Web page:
Poaching, habitat destruction and illegal trade are all causing problems
for sea turtles off Africa's Atlantic coast, says a report released this
The report says that while West Africa is home to some of the world's largest populations of sea turtles and several important feeding and nesting sites, the animals are under threat, particularly in certain countries.
Tough new laws and better customs searches are needed in Cape Verde and Sao Tome and Principe to crack down on the turtle-shell craft industry, the report says.
The sea turtle report was relased in Nairobi by the Convention on Migratory Species (CMS), an international treaty body responsible for conserving animals that migrate.
"Large numbers are being systematically slaughtered for meat and their eggs sold for food, beyond what is sustainable," said Douglas Hykle, deputy executive secretary of the CMS secretariat.
"Considerable numbers are dying after becoming entangled in fishing nets. Others are being killed for their shell, which is carved into ornaments or used for making tourist trinkets."
The report urged countries to ratify the Convention on Migratory Species and the Convention on the International Trade in Endangered Species.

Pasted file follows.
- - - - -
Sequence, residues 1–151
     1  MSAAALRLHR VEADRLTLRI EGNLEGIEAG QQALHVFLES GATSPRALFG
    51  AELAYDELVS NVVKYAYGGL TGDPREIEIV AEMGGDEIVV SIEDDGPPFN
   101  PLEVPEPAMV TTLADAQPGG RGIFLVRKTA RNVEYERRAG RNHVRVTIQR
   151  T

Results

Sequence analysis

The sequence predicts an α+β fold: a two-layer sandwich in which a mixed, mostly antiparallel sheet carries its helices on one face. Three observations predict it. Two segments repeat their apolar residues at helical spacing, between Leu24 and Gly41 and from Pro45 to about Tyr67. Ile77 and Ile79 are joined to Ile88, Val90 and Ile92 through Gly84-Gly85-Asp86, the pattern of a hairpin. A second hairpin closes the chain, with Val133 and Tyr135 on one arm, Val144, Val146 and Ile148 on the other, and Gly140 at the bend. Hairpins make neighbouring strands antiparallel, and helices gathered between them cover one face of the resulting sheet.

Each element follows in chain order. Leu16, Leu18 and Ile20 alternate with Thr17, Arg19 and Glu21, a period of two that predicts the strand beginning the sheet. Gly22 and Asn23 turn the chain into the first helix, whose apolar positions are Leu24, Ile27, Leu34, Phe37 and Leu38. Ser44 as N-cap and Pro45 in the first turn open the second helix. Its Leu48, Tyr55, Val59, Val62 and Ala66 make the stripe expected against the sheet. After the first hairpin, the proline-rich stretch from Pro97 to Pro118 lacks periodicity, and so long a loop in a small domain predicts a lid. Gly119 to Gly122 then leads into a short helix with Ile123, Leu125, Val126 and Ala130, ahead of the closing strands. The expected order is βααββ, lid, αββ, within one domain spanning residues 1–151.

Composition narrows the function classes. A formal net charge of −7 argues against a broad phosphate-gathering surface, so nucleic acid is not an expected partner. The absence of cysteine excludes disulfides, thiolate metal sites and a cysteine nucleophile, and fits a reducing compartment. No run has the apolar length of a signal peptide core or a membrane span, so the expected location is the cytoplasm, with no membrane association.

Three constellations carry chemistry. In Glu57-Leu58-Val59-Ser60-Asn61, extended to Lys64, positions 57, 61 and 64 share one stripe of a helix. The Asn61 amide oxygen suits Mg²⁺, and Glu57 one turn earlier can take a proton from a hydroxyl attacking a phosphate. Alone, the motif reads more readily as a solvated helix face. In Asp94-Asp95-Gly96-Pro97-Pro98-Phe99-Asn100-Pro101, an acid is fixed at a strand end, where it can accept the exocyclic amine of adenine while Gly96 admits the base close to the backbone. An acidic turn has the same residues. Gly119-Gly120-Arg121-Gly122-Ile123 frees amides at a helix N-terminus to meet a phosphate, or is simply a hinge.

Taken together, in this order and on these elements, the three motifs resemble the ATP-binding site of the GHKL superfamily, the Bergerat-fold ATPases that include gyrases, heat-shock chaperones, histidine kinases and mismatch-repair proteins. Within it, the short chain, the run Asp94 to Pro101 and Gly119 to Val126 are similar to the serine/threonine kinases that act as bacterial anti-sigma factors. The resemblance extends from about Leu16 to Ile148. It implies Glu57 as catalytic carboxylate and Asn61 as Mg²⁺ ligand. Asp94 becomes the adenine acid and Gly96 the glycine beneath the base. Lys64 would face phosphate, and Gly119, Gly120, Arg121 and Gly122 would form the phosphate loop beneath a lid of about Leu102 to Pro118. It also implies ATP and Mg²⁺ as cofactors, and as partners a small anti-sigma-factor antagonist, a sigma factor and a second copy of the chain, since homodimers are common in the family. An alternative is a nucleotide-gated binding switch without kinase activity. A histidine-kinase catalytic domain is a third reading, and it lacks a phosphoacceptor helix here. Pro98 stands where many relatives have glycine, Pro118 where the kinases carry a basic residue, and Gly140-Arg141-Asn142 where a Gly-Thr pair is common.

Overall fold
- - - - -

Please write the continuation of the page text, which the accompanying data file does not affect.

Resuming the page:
"In the western Atlantic and Pacific Ocean, populations of sea turtles have been falling dramatically in recent years," Klaus Toepfer, executive director of the United Nations Environment Program, said in a statement.
"This makes these findings in Western Africa doubly significant given its now undoubted status as a globally important region for sea turtle species."
The report discusses the status of six different sea turtle species in each country along the Atlantic coast of Africa and makes recommendations for action.
The report said the beaches of southern Gabon hold the largest number of Leatherback turtles in the world, but that females there "are systematically killed on the beaches and eggs stolen."
Researchers recently found what they say is the third-largest population of Loggerhead turtles in the worldnumbering about 2,000 femaleson the Cape Verde archipelago, said the report.
It calls for preserving key nesting and feeding sites, funding for guards to keep poachers away, increasing the monitoring of turtle habitat, and protecting coastal areas threatened by pollution.
Copyright 2001 Deutsche Presse-Agentur GmbH
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